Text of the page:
Microsoft set the list price of tools at something so low that it’s almost impossible for an independent company that’s just focused on tools to actually survive. And so you’ve seen this incredible winnowing of the tool market. I mean, there’s essentially only one left.

There’s just Borland. And it’s pretty shaky. And the developer community has gotten addicted to this world where they spend less on tools than they spend on lattes.

Isn’t the increasing usage of Eclipse and NetBeans also having a big impact on the tools market?

JG: We open-sourced NetBeans a year before the Eclipse project started. And they [IBM] keep asking why don’t we join Eclipse. And it’s like, why didn’t you guys join NetBeans?

Eclipse does appear to have garnered more momentum.

JG: IBM has put just tremendous funding behind the marketing push for Eclipse at a level that is pretty impressive. But I think certainly on the technology side, if you look at the quality of the products, we are probably actually better and more complete than Eclipse is today.

Which version of NetBeans, because some developers say NetBeans is slow and clunky?

JG: Most people who say that haven’t actually tried any recent version of NetBeans. If you look at the old versions of NetBeans from two years ago, it really did seriously have performance problems. But if you look at today’s NetBeans, it’s dramatically better. I mean, it’s just night-and-day better.

So, you think much of the problem is perception?

JG: Our main problem right now is perception. And we’re working very hard on dealing with that perception problem.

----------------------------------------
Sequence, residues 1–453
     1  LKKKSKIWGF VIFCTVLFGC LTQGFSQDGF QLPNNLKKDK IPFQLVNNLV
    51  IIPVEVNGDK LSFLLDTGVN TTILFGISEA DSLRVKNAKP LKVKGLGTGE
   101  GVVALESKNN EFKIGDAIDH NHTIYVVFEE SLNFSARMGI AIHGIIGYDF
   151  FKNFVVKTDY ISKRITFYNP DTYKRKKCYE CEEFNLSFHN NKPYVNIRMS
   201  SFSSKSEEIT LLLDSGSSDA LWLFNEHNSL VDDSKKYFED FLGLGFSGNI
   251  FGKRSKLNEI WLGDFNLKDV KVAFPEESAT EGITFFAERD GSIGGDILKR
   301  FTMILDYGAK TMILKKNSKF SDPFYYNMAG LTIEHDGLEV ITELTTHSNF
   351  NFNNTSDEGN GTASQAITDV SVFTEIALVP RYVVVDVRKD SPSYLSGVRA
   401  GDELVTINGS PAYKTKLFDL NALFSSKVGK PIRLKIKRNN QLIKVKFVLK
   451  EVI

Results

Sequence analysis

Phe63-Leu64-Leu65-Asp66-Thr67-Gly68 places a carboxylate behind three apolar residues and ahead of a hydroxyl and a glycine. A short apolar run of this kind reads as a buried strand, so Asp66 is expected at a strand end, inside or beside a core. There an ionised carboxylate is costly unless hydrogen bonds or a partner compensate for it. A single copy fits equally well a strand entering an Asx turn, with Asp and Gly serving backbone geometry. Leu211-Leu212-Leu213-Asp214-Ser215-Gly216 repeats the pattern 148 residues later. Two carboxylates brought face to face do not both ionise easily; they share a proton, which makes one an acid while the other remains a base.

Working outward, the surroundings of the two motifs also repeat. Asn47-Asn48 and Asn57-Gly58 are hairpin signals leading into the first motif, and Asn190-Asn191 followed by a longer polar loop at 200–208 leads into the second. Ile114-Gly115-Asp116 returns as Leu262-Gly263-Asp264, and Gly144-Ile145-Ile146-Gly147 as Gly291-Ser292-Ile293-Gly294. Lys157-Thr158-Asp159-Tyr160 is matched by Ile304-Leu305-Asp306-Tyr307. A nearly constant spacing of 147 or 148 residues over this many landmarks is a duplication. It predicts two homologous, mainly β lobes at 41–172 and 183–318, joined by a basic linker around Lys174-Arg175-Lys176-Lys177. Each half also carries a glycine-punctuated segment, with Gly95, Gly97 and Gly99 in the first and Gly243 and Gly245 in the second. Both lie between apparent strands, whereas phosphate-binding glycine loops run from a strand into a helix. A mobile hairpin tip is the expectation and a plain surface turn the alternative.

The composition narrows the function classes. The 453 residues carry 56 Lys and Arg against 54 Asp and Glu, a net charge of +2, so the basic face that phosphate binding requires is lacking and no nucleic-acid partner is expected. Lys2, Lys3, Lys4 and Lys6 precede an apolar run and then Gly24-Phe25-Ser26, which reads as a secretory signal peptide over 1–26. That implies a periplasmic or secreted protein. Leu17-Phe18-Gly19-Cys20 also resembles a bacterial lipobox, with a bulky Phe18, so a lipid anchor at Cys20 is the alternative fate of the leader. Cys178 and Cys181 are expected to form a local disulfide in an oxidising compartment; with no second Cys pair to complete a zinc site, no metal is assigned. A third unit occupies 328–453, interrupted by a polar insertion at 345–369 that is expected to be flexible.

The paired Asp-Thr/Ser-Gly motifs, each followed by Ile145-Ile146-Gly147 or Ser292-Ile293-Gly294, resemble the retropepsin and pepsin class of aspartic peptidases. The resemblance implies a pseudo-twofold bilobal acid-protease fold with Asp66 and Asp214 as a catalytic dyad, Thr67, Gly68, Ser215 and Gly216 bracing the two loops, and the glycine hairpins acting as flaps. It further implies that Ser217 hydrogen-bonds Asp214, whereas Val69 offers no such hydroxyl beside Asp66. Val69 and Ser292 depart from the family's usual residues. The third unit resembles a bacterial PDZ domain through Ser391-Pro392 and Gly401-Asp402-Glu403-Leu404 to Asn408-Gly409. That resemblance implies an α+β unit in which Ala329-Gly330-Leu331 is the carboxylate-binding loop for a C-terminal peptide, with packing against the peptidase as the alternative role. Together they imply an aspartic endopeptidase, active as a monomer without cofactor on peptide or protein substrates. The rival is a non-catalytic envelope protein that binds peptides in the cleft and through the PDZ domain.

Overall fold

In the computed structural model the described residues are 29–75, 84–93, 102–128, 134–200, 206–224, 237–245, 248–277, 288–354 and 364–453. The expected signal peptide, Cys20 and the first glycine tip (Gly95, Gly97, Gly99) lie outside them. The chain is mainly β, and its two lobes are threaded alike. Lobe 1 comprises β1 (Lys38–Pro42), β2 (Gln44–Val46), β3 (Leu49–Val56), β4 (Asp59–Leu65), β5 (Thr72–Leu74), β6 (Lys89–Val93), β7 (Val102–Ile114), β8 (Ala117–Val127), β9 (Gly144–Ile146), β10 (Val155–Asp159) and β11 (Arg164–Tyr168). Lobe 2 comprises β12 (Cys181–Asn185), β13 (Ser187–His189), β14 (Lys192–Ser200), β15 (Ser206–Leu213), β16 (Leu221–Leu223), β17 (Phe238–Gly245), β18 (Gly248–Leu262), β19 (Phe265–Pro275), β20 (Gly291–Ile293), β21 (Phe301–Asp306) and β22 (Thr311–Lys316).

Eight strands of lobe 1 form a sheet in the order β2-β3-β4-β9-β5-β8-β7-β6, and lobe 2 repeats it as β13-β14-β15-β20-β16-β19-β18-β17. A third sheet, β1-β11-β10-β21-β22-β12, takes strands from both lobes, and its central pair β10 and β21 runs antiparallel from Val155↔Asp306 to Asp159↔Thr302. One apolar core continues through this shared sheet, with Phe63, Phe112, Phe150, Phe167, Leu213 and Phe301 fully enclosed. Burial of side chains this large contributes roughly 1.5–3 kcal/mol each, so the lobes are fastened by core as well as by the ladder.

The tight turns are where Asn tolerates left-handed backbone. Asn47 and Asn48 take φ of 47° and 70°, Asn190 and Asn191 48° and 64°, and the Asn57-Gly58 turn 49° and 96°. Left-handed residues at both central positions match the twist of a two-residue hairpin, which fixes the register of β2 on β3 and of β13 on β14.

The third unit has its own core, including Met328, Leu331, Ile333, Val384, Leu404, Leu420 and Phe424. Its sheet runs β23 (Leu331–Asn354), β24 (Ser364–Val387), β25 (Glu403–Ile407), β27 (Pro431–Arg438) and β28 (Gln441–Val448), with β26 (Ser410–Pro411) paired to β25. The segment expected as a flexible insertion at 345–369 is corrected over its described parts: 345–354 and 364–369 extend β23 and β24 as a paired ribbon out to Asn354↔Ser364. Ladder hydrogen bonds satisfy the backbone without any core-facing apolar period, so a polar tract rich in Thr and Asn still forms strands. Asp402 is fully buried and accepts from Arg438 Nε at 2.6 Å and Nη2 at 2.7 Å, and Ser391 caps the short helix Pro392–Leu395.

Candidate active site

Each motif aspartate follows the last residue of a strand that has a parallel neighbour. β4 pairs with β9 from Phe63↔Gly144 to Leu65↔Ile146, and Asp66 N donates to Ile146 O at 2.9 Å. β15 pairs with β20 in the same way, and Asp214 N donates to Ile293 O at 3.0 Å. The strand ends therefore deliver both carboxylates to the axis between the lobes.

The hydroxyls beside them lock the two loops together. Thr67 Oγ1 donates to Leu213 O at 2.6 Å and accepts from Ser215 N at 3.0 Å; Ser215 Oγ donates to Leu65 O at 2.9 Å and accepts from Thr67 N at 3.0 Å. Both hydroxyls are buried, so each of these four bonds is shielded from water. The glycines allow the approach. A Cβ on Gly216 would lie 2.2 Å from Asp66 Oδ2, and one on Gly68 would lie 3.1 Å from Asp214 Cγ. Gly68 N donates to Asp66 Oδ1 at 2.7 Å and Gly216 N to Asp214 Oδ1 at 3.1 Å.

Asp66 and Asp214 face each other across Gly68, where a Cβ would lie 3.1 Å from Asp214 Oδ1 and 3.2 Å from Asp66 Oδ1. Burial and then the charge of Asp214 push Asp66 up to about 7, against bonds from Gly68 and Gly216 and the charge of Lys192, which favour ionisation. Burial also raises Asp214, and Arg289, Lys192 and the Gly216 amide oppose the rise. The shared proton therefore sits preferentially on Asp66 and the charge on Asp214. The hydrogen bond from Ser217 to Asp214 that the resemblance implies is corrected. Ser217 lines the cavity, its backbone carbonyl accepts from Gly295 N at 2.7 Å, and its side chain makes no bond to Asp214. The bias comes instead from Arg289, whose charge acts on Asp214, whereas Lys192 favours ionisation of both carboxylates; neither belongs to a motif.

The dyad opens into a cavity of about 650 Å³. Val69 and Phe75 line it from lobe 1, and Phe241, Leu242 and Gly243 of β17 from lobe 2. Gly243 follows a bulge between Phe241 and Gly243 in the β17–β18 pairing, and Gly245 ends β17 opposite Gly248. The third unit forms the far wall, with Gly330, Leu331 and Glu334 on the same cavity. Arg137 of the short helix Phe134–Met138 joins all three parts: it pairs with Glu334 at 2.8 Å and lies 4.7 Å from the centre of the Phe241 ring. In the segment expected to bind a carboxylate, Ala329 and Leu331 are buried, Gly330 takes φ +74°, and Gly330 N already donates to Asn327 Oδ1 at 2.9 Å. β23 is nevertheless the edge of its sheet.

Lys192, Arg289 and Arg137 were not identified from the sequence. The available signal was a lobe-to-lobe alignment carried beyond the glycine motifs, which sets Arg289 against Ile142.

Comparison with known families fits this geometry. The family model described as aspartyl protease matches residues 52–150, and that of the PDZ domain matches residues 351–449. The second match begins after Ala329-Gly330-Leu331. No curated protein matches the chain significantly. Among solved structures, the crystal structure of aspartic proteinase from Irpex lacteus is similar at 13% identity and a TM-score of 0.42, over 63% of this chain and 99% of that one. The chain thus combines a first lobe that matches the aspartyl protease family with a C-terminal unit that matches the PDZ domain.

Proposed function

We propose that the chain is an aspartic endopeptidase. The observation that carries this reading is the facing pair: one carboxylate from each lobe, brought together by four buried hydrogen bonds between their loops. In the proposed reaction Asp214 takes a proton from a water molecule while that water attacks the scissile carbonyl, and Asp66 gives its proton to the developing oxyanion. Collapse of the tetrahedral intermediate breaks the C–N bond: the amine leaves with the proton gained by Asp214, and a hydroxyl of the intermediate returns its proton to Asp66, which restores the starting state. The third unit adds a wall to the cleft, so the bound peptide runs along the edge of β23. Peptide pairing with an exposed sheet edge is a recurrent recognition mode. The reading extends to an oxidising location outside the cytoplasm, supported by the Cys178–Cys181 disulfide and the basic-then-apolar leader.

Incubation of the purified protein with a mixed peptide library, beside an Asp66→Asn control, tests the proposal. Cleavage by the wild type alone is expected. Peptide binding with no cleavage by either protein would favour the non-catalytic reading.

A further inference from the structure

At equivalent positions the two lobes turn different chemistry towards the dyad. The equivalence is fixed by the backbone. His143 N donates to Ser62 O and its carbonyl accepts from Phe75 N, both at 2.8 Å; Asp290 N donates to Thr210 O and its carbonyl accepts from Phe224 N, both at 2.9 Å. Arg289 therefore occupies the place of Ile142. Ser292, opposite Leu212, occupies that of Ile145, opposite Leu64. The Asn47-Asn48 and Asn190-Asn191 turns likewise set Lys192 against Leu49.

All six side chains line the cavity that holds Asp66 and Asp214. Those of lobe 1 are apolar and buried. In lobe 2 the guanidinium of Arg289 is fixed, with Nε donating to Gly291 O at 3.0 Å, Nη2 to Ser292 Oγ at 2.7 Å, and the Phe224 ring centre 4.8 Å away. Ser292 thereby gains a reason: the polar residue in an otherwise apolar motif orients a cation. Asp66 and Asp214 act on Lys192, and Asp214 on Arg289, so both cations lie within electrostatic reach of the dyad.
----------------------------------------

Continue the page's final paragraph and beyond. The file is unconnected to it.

But how do you make money if so many people say the free tools are good enough?

JG: There actually is a market where people are paying, and that’s usually the more specialised tools. And the way that NetBeans is architected, it’s not so much a tool as a tool environment. We’ve all released all these little higher-level tools that are built as plug-ins to it. So Creator is really just an extension to NetBeans, and Java Studio Enterprise is an extension to NetBeans. The mobility stack is an extension to NetBeans.... The things we’ve seen so far are pretty encouraging, so you can actually turn it into a sustaining business.

Is it your charge to make a lot of money on tools?

JG: For us, the real goal is to make it so that the software ecosystem is as healthy as possible. We don’t have to be fabulously cash-positive. We just have to be not fabulously cash-negative, because these tools are enormous. They’re tremendous engineering efforts. There are a lot of tools companies that are like three guys in a garage. In the tool world, you just can’t compete with a team that small.

Still, despite the fact that Sun created Java, its application server and your commercial tools remain at the bottom of the market-share list.

JG: You’ve picked a couple that have been in trouble. The app server is doing a lot better. Recent market share data for NetBeans is noticeably better. The app server thing for us was just a Marx Brothers comedy. There was this period where you couldn’t buy a company without getting another app server, and then this huge political mess (followed). We literally had like six (application servers).

A mess?

JG: It was a huge mess.